EU Opponents, Proponents Win Dutch Election

The Euroskeptic Freedom Party and the pro-European liberal Democrats are projected to win most seats.

Dutch D66 party leader Alexander Pechtold delivers a speech in The Hague, March 19
Dutch D66 party leader Alexander Pechtold delivers a speech in The Hague, March 19 (Sebastiaan ter Burg)

The Euroskeptic Freedom Party and the federalist liberal Democrats (D66) looked likely to win most Dutch seats in the European Parliament after Thursday’s election, reflecting a deep split between voters who are willing to leave the European Union altogether and those who believe the body should integrate further instead.

While official results are not due to be announced until Sunday, when most other European countries vote, the sensationalist blog GeenStijl released a preliminary tally based on results from the country’s municipalities where the votes were read out on election night in accordance with Dutch law.

The tally lined up with exit polls which had the centrist Christian Democrats vying for second place, ahead of the ruling Labor and liberal parties.

The ruling parties earlier suffered defeat in local elections in March when they got just 10 percent of the votes combined. The two got over 50 percent support in the last parliamentary election.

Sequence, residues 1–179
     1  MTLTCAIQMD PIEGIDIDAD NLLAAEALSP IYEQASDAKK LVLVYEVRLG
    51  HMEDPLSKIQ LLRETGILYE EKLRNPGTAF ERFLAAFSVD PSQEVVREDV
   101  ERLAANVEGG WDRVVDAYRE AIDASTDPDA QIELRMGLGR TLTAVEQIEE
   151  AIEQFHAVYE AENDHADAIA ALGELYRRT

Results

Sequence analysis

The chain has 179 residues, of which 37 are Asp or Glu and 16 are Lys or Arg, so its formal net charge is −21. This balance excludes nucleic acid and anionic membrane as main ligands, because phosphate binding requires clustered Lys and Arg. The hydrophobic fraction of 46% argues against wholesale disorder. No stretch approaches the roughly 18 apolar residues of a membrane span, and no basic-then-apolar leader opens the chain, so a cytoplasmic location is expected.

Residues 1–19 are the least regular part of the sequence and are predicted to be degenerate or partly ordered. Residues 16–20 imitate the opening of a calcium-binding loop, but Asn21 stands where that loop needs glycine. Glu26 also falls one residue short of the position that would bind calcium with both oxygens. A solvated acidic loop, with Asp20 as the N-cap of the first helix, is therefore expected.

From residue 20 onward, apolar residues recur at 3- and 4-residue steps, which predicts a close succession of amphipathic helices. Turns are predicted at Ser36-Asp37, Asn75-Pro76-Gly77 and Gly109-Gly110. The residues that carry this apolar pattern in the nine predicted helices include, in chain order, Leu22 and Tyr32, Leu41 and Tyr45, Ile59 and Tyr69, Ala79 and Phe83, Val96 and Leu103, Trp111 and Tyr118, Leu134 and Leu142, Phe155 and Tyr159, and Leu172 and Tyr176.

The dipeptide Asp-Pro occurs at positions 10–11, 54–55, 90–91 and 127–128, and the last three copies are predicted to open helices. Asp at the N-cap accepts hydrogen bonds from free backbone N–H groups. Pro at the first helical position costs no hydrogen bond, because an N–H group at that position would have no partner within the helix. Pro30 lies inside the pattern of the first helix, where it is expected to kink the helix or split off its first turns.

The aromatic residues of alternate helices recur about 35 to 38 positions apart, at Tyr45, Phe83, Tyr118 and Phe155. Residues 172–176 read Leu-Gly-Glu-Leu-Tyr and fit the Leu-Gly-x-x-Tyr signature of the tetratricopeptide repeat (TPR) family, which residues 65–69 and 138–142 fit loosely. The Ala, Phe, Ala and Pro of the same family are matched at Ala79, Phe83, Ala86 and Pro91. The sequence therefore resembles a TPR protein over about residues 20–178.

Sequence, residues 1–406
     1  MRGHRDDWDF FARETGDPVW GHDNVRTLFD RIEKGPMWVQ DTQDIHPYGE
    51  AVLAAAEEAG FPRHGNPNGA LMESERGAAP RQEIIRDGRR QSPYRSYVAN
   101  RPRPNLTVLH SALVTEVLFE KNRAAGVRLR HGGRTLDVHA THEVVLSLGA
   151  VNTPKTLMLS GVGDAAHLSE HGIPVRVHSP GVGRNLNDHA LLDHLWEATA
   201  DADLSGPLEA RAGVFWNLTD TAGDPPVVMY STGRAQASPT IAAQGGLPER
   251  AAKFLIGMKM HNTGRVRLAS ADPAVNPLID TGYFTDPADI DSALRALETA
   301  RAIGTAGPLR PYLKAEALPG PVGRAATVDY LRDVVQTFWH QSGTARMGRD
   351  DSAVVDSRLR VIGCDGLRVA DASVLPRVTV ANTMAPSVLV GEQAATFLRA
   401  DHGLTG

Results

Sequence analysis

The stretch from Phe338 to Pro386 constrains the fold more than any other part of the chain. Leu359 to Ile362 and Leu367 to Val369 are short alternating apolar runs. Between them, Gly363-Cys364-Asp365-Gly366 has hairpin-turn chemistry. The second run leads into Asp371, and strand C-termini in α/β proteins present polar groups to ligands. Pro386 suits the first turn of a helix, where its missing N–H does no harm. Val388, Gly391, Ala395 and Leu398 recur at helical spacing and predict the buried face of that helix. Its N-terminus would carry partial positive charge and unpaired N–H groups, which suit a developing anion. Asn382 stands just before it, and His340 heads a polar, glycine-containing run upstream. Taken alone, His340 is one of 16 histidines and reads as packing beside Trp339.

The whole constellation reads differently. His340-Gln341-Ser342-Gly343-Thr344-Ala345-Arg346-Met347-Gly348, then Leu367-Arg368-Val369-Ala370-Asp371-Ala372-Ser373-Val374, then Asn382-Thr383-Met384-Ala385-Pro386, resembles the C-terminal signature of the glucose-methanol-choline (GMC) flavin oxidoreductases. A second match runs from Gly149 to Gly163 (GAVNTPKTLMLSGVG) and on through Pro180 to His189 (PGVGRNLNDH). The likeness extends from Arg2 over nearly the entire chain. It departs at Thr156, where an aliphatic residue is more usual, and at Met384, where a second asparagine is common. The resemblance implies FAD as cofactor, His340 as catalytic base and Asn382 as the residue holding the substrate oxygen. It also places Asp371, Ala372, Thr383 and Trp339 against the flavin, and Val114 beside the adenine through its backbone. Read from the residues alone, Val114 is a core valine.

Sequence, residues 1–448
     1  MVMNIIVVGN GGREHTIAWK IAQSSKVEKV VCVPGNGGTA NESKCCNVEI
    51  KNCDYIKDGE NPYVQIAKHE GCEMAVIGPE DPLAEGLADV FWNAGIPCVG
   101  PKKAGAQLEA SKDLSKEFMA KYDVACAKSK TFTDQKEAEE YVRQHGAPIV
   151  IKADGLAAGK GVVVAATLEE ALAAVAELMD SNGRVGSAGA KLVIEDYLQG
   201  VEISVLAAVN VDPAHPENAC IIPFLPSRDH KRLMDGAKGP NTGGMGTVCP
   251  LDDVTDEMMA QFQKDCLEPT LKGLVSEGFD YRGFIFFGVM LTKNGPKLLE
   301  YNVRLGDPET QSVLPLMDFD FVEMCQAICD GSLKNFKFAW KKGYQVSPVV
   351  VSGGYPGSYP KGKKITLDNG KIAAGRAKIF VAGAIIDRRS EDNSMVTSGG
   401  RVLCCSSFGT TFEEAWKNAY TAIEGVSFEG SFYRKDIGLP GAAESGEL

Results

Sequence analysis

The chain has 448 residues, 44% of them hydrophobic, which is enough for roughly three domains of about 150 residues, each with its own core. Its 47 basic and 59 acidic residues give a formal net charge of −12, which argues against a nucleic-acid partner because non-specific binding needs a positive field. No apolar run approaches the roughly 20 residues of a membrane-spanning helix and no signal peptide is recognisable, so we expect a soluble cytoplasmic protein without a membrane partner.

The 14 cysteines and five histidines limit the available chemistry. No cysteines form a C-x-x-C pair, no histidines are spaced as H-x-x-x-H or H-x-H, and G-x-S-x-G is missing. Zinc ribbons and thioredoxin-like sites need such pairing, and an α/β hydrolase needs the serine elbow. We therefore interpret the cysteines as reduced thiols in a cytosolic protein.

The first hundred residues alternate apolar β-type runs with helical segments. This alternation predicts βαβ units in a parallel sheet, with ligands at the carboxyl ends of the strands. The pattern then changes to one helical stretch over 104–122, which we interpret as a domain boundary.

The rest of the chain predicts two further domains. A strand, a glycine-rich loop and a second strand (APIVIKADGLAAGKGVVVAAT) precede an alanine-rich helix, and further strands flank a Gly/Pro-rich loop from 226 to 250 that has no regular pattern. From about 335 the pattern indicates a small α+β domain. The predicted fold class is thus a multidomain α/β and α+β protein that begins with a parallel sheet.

Discontent with Prime Minister Mark Rutte’s economic and fiscal policies is widespread. Despite a feeble recovery in exports, the Dutch economy last year was still 3.5 percent smaller than before the crisis. Household consumption has been depressed by public-sector wage freezes and higher taxes that have also undermined business confidence. Yet public-sector spending has continued to rise in real terms, despite deep cuts in defense and savings in health care.

Support for Geert Wilders’ nationalist Freedom Party, which has been highly critical of the government’s attempts at fiscal consolidation, was likely informed by this dissatisfaction as well as rising Dutch Euroskepticism. Wilders is expected to group with France’s Front national and Euroskeptic parties from Belgium and Italy, among others, in the European assembly.

The liberal Democrats, by contrast, back many of the coalition’s signature reform programs because the ruling parties lack a majority of their own in the upper chamber of parliament. The Democrats also group together with Rutte’s liberals in the European Parliament but are outspokenly in favor of deeper European integration whereas the prime minister resists the further transfer of powers to Brussels.

Their second bad showing on Thursday could destabilize the coalition although polls show early elections would benefit neither party.

Labor Party leader Diederik Samsom’s position looks especially precarious. His party is down to ten seats in the polls from 38 in the last election and his personal popularity has suffered as well. Many leftwingers are clamoring for social affairs minister Lodewijk Asscher to take over as party leader.

This article was last updated Saturday, May 24.

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